This month saw your first long journey by car as we made the trek to go and see all of your Canadian grandparents. The drive there was traumatic. It usually takes us a bit over six hours, but it ended up taking eight as we had to stop at every single rest stop on the highway to feed you, change your diaper, and give you a cuddle. Then we’d put you back in your car seat, we’d get a few minutes of quiet, and then you’d start crying again. The last hour and a bit we just drove without stopping while you screamed, because nothing we did was helping and we had to get there. E. spent most of the ride wearing his noise cancelling headphones and informing us that you were crying. It broke my heart to have you be so unhappy and to be so utterly powerless to make it better.

We were dreading the ride home, but then you surprised us by sleeping for almost the entire journey. It still took eight hours, but that was with two long stops instead of six, and there was probably less than twenty minutes of crying in the entire trip. The major difference between the two was the time of departure. Driving there we didn’t get away until 3 p.m. and then we were in stop-start traffic for the first hour. Driving home we left at 7:45 a.m. and had a clear run all the way through. You tend to nap better in the mornings, so we speculate that we just hit a better rhythm. Daddy also wonders if you get carsick like your father and brother; if so, the stop-start traffic at the beginning of the outward journey might have made you feel sick and then you felt sick the rest of the trip. The other option is you were in a growth spurt by the time we drove home- you fell asleep on the carpet after we took you out of the car, and then fell asleep in your travel crib while doing tummy time the following day and in your bassinet when put down for two minutes. I can’t emphasize enough how utterly unlike your usual behaviour this is, so maybe we just lucked out with the second trip by catching you at a sleepy point in your development.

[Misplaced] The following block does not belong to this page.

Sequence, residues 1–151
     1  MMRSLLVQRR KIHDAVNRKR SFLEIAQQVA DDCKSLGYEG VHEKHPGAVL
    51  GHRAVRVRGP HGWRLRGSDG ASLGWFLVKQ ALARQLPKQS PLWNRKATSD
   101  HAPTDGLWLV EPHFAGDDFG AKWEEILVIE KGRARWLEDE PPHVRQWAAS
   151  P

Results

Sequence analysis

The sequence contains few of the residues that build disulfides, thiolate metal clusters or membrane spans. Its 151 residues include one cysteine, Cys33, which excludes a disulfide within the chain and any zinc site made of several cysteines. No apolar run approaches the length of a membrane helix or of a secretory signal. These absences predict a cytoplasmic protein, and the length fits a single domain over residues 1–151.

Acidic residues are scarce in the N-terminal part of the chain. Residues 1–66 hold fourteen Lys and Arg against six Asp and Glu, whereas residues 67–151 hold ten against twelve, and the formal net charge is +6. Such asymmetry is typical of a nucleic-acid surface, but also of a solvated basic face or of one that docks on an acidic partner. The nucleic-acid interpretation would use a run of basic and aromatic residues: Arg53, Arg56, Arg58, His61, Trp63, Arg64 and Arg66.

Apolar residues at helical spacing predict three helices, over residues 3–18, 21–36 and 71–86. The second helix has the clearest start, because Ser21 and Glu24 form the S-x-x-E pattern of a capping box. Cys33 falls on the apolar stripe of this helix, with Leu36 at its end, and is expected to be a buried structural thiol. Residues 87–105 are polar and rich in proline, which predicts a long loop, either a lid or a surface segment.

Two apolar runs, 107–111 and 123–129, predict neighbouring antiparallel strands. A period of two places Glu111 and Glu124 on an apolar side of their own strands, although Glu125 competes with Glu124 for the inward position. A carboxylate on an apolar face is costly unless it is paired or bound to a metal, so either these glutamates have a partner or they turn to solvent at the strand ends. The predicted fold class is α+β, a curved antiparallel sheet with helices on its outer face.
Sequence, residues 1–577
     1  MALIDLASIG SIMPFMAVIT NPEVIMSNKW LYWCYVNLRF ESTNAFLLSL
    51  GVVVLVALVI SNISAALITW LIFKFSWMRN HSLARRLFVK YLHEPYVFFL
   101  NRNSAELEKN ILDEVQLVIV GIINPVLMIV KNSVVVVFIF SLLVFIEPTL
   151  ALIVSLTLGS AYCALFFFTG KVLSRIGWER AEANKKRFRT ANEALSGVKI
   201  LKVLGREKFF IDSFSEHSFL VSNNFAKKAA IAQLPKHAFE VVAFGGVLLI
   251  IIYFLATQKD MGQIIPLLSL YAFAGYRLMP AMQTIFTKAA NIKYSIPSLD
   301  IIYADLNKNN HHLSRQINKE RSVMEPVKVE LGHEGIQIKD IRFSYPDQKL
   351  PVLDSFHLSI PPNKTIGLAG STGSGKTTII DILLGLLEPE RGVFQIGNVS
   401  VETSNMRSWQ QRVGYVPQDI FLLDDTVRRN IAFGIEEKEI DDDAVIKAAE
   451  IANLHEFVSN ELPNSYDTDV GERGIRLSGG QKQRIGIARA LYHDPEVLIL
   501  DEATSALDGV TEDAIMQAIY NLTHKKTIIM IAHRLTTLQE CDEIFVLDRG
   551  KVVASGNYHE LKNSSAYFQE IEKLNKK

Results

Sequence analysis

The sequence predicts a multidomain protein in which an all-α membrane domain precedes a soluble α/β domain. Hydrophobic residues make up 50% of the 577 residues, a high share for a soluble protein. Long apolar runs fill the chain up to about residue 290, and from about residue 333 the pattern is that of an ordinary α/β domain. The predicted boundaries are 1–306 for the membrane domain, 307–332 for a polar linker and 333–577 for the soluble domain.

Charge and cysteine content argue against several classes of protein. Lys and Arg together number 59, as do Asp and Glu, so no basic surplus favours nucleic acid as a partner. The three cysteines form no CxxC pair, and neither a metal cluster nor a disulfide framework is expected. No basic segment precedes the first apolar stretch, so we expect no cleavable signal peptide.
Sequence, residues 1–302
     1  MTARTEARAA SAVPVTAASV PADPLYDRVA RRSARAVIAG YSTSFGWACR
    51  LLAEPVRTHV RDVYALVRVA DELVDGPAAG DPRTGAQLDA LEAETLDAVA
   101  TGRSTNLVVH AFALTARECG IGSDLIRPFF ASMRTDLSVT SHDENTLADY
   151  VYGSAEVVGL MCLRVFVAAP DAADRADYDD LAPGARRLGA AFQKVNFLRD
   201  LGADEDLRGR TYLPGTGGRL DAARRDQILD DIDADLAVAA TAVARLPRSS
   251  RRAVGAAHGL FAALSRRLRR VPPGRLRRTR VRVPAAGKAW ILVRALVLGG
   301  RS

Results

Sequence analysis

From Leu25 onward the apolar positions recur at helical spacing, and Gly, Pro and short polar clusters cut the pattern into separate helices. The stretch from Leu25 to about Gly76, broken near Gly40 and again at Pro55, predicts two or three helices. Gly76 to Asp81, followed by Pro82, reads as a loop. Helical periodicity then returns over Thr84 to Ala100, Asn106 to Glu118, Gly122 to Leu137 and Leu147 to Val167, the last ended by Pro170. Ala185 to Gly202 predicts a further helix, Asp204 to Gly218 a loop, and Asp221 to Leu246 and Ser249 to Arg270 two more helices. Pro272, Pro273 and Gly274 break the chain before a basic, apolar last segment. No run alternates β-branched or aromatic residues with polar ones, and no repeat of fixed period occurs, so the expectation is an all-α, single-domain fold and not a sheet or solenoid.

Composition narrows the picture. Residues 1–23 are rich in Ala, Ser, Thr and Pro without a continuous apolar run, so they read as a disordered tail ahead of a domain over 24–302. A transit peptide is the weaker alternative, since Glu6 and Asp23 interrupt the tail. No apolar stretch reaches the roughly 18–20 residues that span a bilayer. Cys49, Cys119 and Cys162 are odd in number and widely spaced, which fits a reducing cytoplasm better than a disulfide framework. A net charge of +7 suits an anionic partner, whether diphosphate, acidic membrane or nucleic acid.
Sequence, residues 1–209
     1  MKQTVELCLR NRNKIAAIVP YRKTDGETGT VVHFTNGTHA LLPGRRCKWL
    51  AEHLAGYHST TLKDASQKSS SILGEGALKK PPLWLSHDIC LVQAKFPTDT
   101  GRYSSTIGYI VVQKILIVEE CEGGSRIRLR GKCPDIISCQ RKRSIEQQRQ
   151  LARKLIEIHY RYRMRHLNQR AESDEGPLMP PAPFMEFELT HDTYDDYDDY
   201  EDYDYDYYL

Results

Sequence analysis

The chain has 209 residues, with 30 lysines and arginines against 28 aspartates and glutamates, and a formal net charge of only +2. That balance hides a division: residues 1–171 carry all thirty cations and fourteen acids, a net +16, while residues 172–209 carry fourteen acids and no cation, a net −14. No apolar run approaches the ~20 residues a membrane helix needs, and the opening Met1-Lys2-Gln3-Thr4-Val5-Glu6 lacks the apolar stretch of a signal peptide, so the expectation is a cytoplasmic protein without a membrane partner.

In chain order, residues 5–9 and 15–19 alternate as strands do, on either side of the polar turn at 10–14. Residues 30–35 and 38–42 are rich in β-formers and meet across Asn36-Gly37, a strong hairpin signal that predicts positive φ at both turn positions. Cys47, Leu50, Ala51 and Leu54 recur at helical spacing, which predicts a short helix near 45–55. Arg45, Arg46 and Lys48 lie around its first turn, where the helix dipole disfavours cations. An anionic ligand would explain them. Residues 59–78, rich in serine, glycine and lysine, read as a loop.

That trip was bittersweet for me. I was so glad you were able to meet so many of your relatives- your aunties and uncles who live further west, your two cousins, who both absolutely adored you and who argued every morning over whose turn it was to hold you first, and your Great-Grannie. You also met both of your Grandpas. One of them you will never get to know- we drove when we did specifically to make sure that he had the chance to meet you before he died. I hope with all my heart that you will get to know and love your other Grandpa and that he will be a part of your life for many years to come, but your relationship with him will not be like the relationship he had with E. before his accident. You won’t know any different- he’ll just be your Grandpa- but it is hard for me.

The easy drive home again after our week away at least made it easier to put you in the car again right at the end of your month for your very first cottage vacation. We spent a week on a lake with two other families. I dipped your feet in the lake- the water was warm enough that you didn’t mind and I think you liked the feel of the sand between your toes. Otherwise you spent the week doing all the same things you would do at home: sleeping a lot at night; nursing a lot during the day; and napping in carriers. I liked wearing you down on the beach. There was shade there no matter what time of day, and I could watch your brother play while you slept. You also had an afternoon nap in a carrier with Daddy every day- he’d walk around until you fell asleep and then he’d sit down and read a book for an hour or two. There were two toddlers there and I found myself imagining what you will be like next year as I watched them play in the sand and wade in the lake.

I’m not surprised that you’re already two months- we’ve been so busy this summer and I know now how quickly babies grow up. You’ve settled in so well. It often seems like you’ve always been here, and your Daddy and I are so very glad you chose to join our family. We love you ever so much.

Love always,
Mummy

 

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Filed under Letters to P., P.- the first year

The perfect present

A few days ago my sister asked me what I wanted for my birthday. And, after some consideration, I was able to give her an idea.